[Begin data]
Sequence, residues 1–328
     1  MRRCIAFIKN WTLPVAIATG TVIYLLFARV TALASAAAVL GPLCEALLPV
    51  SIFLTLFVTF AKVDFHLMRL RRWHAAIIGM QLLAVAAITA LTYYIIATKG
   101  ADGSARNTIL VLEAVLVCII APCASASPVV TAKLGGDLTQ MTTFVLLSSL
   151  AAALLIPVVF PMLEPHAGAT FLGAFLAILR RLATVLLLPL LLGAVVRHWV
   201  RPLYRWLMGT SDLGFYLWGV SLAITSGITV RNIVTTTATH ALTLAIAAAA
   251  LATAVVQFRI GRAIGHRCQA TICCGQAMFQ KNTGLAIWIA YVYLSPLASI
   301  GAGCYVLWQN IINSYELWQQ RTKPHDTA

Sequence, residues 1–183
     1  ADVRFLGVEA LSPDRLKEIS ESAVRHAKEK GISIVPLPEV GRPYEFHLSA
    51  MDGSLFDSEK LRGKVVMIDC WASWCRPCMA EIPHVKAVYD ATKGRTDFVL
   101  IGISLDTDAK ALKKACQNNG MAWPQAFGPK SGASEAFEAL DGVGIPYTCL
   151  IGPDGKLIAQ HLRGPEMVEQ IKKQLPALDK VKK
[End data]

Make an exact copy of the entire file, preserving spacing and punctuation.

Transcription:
Sequence, residues 1–328
     1  MRRCIAFIKN WTLPVAIATG TVIYLLFARV TALASAAAVL GPLCEALLPV
    51  SIFLTLFVTF AKVDFHLMRL RRWHAAIIGM QLLAVAAITA LTYYIIATKG
   101  ADGSARNTIL VLEAVLVCII APCASASPVV TAKLGGDLTQ MTTFVLLSSL
   151  AAALLIPVVF PMLEPHAGAT FLGAFLAILR RLATVLLLPL LLGAVVRHWV
   201  RPLYRWLMGT SDLGFYLWGV SLAITSGITV RNIVTTTATH ALTLAIAAAA
   251  LATAVVQFRI GRAIGHRCQA TICCGQAMFQ KNTGLAIWIA YVYLSPLASI
   301  GAGCYVLWQN IINSYELWQQ RTKPHDTA

Sequence, residues 1–183
     1  ADVRFLGVEA LSPDRLKEIS ESAVRHAKEK GISIVPLPEV GRPYEFHLSA
    51  MDGSLFDSEK LRGKVVMIDC WASWCRPCMA EIPHVKAVYD ATKGRTDFVL
   101  IGISLDTDAK ALKKACQNNG MAWPQAFGPK SGASEAFEAL DGVGIPYTCL
   151  IGPDGKLIAQ HLRGPEMVEQ IKKQLPALDK VKK